Sometimes, it looks like it is not possible to avoid using an accumulating array, a pattern that feels unnatural in Ruby.

Recently, I’ve need to chase down and unroll pagination links over a JSON / REST api. I don’t know how many pages there will be, and it’s probable (but not guaranteed) that I need to retrieve and use all of the content. Since each page is dependant on results from the previous page, there is no obvious Enumerable parallel. Here, I’ll demonstrate a quick refactoring that will provide in a clean, lazy enumerable object.

This being a HATEOAS API, the next page link is embedded in the response JSON, tucked under a ["links"]["next"] key. To fetch all of the data, I end up with code that looks something like:

def retrieve_all_pages(url)
  widgets = []

  while url
    response = connection.get url
    json     = JSON.parse response.body

    url      = json["links"]["next"]

    widgets.concat json["widgets"]
  end

  widgets
end

As ruby goes, this is pretty ugly. When there’s something distinct to enumerate over, it’s recommend to replace the accumulating widgets array with a #map call, or working with some other Enumerable method. Unfortunately, there isn’t a clear parallel for this case.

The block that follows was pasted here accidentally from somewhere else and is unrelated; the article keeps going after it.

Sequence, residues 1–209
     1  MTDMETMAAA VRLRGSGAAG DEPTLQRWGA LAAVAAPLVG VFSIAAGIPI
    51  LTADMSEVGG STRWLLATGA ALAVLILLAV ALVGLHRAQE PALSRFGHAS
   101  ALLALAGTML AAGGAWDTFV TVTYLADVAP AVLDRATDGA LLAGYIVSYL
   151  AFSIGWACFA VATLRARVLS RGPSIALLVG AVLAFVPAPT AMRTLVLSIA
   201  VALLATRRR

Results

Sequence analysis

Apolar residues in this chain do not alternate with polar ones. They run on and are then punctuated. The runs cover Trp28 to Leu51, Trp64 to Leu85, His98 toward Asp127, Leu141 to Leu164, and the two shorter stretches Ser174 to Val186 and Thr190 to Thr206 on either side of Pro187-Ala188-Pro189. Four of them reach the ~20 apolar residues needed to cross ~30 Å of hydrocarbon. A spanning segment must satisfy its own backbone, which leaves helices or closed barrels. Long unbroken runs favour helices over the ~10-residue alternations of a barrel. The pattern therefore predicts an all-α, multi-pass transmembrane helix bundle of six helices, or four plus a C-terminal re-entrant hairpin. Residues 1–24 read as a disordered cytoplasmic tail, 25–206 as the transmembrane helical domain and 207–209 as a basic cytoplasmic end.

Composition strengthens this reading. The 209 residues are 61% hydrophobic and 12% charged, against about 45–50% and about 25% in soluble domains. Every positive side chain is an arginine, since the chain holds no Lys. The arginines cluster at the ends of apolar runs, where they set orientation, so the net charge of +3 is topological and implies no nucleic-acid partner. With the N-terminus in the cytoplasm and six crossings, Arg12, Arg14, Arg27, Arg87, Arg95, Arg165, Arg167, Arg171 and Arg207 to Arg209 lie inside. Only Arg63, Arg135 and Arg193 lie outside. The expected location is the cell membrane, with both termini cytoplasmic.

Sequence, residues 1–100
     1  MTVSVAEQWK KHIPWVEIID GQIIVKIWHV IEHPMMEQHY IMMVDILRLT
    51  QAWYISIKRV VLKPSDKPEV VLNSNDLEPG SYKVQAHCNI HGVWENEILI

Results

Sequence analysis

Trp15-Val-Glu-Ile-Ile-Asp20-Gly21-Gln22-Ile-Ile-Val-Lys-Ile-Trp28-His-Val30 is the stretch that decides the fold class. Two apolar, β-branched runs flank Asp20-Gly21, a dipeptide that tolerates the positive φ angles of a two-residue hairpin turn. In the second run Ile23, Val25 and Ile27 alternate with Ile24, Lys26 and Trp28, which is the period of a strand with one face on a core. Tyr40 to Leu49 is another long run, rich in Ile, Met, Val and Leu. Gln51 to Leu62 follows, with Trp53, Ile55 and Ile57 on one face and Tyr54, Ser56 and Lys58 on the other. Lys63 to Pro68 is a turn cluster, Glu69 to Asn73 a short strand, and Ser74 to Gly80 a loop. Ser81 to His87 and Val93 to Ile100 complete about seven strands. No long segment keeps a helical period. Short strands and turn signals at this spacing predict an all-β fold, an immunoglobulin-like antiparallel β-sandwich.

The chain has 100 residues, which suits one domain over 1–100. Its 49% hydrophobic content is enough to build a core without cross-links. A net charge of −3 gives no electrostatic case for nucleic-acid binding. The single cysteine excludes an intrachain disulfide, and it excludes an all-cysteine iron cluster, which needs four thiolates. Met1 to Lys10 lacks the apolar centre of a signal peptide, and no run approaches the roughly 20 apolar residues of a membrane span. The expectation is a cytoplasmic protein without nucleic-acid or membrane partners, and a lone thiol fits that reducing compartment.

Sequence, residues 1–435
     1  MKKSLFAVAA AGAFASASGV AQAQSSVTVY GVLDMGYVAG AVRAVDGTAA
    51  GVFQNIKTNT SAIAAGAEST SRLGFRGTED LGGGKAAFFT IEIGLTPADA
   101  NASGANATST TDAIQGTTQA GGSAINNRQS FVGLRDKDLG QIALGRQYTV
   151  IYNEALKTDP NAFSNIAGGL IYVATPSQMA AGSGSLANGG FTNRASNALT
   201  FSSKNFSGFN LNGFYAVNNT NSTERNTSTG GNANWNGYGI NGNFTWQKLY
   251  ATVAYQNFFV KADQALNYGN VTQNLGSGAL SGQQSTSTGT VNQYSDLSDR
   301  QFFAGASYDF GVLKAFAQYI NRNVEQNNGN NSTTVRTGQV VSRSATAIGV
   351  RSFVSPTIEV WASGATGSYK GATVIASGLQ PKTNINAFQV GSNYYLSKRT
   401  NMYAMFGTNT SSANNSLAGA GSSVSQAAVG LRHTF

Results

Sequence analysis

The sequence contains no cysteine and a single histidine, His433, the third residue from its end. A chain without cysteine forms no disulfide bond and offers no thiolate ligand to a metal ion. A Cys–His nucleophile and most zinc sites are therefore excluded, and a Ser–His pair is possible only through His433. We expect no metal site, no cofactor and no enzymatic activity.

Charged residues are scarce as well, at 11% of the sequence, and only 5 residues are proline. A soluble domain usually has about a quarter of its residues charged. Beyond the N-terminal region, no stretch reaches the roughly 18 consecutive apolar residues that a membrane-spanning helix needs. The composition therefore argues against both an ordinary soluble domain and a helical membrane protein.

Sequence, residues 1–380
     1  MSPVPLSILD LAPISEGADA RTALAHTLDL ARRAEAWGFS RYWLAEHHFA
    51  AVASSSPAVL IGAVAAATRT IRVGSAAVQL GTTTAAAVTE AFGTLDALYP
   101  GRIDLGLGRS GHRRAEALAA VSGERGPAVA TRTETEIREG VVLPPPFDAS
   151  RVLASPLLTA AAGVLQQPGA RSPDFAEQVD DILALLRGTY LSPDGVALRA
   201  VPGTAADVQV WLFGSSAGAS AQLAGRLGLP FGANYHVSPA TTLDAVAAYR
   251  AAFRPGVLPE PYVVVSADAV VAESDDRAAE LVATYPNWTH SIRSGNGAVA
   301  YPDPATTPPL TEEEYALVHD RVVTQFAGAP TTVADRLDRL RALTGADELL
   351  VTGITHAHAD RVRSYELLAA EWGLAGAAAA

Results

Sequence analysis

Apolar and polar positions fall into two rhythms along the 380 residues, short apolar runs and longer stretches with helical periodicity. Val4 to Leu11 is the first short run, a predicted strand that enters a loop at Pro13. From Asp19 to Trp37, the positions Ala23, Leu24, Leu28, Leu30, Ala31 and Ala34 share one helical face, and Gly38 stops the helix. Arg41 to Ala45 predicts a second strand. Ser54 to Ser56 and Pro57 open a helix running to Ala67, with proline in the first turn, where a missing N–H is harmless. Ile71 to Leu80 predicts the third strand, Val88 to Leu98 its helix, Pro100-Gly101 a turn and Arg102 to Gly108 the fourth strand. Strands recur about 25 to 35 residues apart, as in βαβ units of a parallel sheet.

Another issue is that this loop fetches every single page, before returning control, and regardless of how many results I actually end up using.

Fortunately, there is Enumerator, Ruby’s answer to producing generators. The enumerator class produces an enumerable, backed with any arbitrary generation logic.

I can refactor the while loop to look more like this:

def retrieve_all_pages(url)
  Enumerator.new do |yielder|
    while url
      response = connection.get url
      json     = JSON.parse response.body
      url      = json["links"]["next"]

      Array(json["widgets"]).each do |widget|
        yielder << widget
      end
    end
  end
end

We’ve gotten rid of the accumulator array, and instead have something that looks much closer to idiomatic ruby. Additionally, the method begins yielding immediately after fetching the first page, only retrieving additional pages when needed, without client code needing to understand the mechanics of the underlying pagination.

It is important to note that instead of returning an Array, retreive_all_pages now returns an Enumerable, but generally quacks the same – it’s rather unlikely that any client of the original implementation was using direct array semantics; if so, a simple to_a converts an Enumerable to a normal Array.

Overall though, I find the resulting enumerator to be far easier to work with in standard ruby, providing a more flexible and versatile encapsulation of the remote interface.